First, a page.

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Thread: Agitation

  1. #11

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    If I get frothy developer I admonish myself severely for not rinsing all of the photo-flow out of the tank and reels after the last session

    I don't like twiddling tanks - I don't think the developer gets moved around enough. I don't worry about the film coming momentarily out of the developer when I invert the tank - the emulsion is saturated with developer - it won't dry out in such a short time.

    Five inversions in every 30secs seems a bit much to me...
    Users of Kodak film tend to agitate every 30 secs because that is what the instructions said. Same with Agfa.

    Ilford have always recommended agitation every 60 seconds, which is what I use, and I only give a couple of inversion, twisting the tank as I do so. I give 5 inversions when I first pour the developer in, though, then a good tap on the bench to dislodge air bubbles.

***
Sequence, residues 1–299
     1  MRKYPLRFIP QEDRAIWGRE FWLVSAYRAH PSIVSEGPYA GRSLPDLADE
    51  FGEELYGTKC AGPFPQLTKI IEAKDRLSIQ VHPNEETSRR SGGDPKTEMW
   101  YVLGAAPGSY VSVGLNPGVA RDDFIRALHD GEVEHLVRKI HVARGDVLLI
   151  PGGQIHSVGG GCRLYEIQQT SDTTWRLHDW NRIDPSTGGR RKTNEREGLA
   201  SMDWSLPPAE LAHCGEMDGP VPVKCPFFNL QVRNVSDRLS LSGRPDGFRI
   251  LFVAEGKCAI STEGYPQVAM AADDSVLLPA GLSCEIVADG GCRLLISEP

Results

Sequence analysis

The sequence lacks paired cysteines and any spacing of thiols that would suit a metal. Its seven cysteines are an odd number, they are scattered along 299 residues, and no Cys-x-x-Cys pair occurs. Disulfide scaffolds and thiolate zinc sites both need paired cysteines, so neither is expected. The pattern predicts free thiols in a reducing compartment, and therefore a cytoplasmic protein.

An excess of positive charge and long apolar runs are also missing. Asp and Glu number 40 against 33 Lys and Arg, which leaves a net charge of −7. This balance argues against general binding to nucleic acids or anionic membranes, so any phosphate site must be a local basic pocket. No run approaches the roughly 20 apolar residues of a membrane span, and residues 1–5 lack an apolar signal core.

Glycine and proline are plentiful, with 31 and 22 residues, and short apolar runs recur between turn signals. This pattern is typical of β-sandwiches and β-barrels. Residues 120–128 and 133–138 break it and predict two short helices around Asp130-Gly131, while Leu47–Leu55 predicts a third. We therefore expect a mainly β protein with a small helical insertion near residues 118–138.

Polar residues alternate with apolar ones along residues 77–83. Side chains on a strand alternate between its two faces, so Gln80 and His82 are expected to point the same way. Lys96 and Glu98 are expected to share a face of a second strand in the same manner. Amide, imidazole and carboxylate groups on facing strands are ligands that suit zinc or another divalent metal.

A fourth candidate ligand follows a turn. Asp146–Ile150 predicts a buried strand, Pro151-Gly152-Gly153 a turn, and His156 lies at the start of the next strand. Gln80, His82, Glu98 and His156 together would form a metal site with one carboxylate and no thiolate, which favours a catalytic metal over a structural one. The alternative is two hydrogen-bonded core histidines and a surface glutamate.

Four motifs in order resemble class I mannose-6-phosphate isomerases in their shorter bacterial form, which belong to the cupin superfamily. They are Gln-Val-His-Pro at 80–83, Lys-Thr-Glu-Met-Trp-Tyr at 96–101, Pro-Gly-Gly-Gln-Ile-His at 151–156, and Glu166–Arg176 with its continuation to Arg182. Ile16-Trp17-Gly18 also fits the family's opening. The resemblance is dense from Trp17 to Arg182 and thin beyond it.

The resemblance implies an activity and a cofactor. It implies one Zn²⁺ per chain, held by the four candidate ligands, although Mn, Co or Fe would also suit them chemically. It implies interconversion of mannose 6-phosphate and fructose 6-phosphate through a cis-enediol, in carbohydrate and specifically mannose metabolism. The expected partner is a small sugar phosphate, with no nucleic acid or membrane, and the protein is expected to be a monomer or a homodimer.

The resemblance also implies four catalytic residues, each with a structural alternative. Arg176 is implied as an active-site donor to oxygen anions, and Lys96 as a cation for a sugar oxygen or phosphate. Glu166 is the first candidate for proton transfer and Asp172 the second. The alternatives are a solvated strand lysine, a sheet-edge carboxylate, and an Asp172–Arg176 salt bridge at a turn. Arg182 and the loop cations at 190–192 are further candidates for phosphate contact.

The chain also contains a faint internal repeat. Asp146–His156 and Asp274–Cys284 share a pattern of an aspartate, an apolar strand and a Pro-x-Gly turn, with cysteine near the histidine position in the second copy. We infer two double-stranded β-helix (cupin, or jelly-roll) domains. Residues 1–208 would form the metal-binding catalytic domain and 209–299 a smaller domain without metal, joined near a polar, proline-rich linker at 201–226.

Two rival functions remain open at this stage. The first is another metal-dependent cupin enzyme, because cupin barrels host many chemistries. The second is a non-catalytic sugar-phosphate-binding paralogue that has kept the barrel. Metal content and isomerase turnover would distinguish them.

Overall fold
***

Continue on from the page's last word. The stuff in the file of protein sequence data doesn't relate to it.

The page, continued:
Consistency is everything - you learn the timing and rhythm like a dance move or something (just had a great idea for a youtube video, anyone up for showing off their 'technique'?) but I don't think the exact number of inversions or times are that important. They do make a difference, but as long as you are consistent then you can adjust your developing time to suit. I've developed plenty of Kodak films in Agfa developer and used Ilford's 60s agitation and it works perfectly well.
    Steve

  2. #12

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    Catch up post

    I implied that Rotary processing 'smoothed 'grain , and improved sharpness and acutance.
    I meant : the smoothing of the grain Reduced the above.